SEYNE, FRANCE - MARCH 25: In this handout image supplied by the Ministere de l'Interieur (French Interior Ministry), search and rescue teams attend to the crash site of the Germanwings Airbus in the French Alps on March 25, 2015 near Seyne, France. Germanwings flight 4U9525 from Barcelona to Duesseldorf has crashed in Southern French Alps. All 150 passengers and crew are thought to have died. (Photo by F. Balsamo - Gendarmerie nationale / Ministere de l'Interieur via Getty Images)
Photo: Handout
Photo: Handout

Local pilot: Intentional crash only explanation

As investigators and grieving observers try to make sense of the crash of Germanwings Flight 9525 Tuesday in the French Alps, local aviation experts believe an intentional crash is the only explanation for the tragedy.

“What we have is an alleged murder-suicide, which makes everything else understandable as to what happened,” said retired Air Force Col. Dave Antoon.

Antoon, 67, flew from 1966 to 1990 for the Air Force and from 1990 until 2010 for United Airlines. Today, he is retired from both.

Antoon said a medical emergency or emergency of another kind — such as sudden decompression — does not explain both the double-locked cockpit door and the deliberate, paced descent into the mountains of Southeastern France.

The crash killed 150 people on board.

“There was no medical emergency,” Antoon said. “There was no emergency in the cockpit. If there had been a decompression, there would have been a much higher descent rate. This was a controlled descent rate at a constant air speed.

“The voice recorder has already revealed that the captain was locked out of the cockpit,” he added.

In at least two other air crashes, similar circumstances may have been at work, Antoon said. Silk Air Flight 185 in December 1997 in Indonesia, and the more famous Malaysia Airlines Flight 370 over the Indian Ocean last March may have ended in similar ways, he said.

Some airlines require flight attendants to sit with pilots in cockpits when a second pilot leaves for momentarily.

“The procedures I flew with in the airlines, and I believe they are common to all U.S. airlines, is that when a pilot leaves a cockpit in a two-man situation, a flight attendant has to enter the cockpit and remains in the cockpit until the other pilot returns,” he said.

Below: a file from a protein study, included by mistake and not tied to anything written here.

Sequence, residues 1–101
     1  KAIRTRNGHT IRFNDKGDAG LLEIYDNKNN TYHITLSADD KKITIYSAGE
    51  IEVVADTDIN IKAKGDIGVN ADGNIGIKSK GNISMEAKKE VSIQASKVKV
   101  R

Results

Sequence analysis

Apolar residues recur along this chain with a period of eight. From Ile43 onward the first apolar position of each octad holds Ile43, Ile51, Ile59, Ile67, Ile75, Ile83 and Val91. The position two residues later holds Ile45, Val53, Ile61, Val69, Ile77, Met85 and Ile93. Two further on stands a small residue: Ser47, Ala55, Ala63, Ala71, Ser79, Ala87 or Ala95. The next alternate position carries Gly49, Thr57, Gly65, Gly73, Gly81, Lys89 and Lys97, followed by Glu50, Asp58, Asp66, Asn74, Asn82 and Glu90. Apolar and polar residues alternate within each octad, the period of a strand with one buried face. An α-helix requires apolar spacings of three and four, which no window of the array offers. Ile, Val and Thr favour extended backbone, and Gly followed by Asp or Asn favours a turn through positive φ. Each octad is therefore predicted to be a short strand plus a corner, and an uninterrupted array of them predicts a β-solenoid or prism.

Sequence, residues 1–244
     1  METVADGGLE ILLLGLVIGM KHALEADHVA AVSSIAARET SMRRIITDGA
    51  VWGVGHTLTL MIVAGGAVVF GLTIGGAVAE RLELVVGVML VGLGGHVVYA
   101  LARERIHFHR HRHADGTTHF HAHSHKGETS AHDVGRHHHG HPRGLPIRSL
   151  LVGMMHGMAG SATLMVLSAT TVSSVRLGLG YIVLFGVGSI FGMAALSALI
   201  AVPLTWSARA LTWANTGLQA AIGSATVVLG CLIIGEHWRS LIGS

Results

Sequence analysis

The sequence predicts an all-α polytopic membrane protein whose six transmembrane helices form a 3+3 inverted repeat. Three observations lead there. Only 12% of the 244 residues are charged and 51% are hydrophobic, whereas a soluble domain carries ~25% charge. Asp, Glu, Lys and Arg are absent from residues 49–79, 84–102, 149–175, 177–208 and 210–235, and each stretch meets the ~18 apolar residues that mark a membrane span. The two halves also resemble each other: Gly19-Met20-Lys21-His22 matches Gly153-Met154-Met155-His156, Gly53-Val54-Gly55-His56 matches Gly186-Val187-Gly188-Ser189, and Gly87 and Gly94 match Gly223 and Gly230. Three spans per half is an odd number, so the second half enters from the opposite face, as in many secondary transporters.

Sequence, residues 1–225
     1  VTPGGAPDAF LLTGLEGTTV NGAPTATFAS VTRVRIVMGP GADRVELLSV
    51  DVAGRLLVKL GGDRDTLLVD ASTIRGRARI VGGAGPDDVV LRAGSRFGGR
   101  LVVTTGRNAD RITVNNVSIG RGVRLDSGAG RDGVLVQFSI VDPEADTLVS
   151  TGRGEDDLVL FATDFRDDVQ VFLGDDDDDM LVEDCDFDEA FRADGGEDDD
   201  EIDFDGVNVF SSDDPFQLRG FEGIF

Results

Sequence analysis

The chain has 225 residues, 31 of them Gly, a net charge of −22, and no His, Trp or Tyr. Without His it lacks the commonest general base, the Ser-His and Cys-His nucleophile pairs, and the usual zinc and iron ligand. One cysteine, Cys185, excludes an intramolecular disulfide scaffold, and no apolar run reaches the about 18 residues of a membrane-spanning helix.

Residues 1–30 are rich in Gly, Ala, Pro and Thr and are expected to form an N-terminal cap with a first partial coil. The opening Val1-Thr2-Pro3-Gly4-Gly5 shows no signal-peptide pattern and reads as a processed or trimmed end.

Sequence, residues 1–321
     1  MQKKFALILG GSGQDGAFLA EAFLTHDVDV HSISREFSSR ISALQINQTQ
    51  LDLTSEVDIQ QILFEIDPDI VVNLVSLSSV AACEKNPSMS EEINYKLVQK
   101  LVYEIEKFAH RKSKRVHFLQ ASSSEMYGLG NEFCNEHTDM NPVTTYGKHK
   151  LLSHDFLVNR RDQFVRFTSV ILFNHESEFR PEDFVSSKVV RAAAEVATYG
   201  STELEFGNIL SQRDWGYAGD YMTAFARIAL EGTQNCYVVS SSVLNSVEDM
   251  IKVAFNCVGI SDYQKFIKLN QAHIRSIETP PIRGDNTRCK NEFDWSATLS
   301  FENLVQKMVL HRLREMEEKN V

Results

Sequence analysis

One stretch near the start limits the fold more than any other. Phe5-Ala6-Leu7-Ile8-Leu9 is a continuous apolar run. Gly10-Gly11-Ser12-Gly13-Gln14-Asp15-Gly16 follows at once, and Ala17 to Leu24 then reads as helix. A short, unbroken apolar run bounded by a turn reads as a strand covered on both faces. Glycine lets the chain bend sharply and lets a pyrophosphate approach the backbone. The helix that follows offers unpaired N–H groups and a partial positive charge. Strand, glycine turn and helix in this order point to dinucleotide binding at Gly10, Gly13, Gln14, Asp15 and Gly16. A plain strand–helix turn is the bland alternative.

That wasn’t the case with Luthansa, of which Germanwings is a low-budget carrier, although Antoon expects airline procedures to be changed.

But he added: “I think if a pilot is hell-bent on crashing an airplane, he’s going to be able to do it, no matter what.”

Since Sept. 11, 2001, cockpit doors are designed to be armored, heavily structured and all but impossible to break into. If a pilot within a cockpit is incapacitated, a key code can be entered to open the door, Antoon said.

The Wall Street Journal reported Thursday that pilots of Airbus airplanes can defeat that key code access for several minutes in order to protect the cockpit from external access. The Journal said it reviewed Airbus training materials on the matter.

National aviation expert Jay Ratliff said most pilots with whom he has spoken are upset about the crash.

“Anytime someone within that tight knit community apparently commits an act of murder, as this could very well be, they recognize that it reflects on all pilots,” Ratliff said.

“They live in a world where passengers put their lives in their hands on a daily basis,” he added. “So the idea that someone within their community who is supposed to be in a position to protect the lives of the souls on board the aircraft could, in fact, have been an instrument in their death is something that has disturbed many people.”

Ratliff, a Miamisburg resident, expects an investigation to continue for 12 to 18 months, if not longer.

Like Antoon, Ratliff expects airlines to update procedures in the wake of Flight 9525. Lone pilots will no longer be left in control of cockpits, he believes.

“Norwegian Airlines today announced that they are going to do just that,” he said.

Another possible change, in his view: Requiring more experience from co-pilots. Co-pilot Andreas Lubitz, 28, joined Germanwings in 2013 and had 630 flight hours, Lufthansa said.

“In the U.S., because of some recent changes, you have to have a minimum 1,500 hours flight hours to sit in that right seat,” Ratliff said. “I suspect one of the things to be looked at internationally is an approach where that minimum-hour requirement is increased to be closer to what we have in the United States.”

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